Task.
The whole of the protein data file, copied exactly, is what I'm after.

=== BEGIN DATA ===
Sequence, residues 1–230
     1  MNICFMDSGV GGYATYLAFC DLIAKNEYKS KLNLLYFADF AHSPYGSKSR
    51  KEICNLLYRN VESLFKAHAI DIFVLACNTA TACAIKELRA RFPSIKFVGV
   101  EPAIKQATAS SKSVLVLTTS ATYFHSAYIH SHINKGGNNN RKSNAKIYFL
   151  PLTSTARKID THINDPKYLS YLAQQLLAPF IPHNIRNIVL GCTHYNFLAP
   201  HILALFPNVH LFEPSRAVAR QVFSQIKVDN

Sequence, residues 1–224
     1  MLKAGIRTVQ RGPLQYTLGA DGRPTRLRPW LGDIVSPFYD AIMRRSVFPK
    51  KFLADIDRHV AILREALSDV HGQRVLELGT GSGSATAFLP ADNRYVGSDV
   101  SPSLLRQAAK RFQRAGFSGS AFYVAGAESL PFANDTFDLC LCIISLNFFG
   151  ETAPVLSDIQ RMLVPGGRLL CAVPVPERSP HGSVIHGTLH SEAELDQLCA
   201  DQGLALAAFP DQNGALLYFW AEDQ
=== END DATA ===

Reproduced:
Sequence, residues 1–230
     1  MNICFMDSGV GGYATYLAFC DLIAKNEYKS KLNLLYFADF AHSPYGSKSR
    51  KEICNLLYRN VESLFKAHAI DIFVLACNTA TACAIKELRA RFPSIKFVGV
   101  EPAIKQATAS SKSVLVLTTS ATYFHSAYIH SHINKGGNNN RKSNAKIYFL
   151  PLTSTARKID THINDPKYLS YLAQQLLAPF IPHNIRNIVL GCTHYNFLAP
   201  HILALFPNVH LFEPSRAVAR QVFSQIKVDN

Sequence, residues 1–224
     1  MLKAGIRTVQ RGPLQYTLGA DGRPTRLRPW LGDIVSPFYD AIMRRSVFPK
    51  KFLADIDRHV AILREALSDV HGQRVLELGT GSGSATAFLP ADNRYVGSDV
   101  SPSLLRQAAK RFQRAGFSGS AFYVAGAESL PFANDTFDLC LCIISLNFFG
   151  ETAPVLSDIQ RMLVPGGRLL CAVPVPERSP HGSVIHGTLH SEAELDQLCA
   201  DQGLALAAFP DQNGALLYFW AEDQ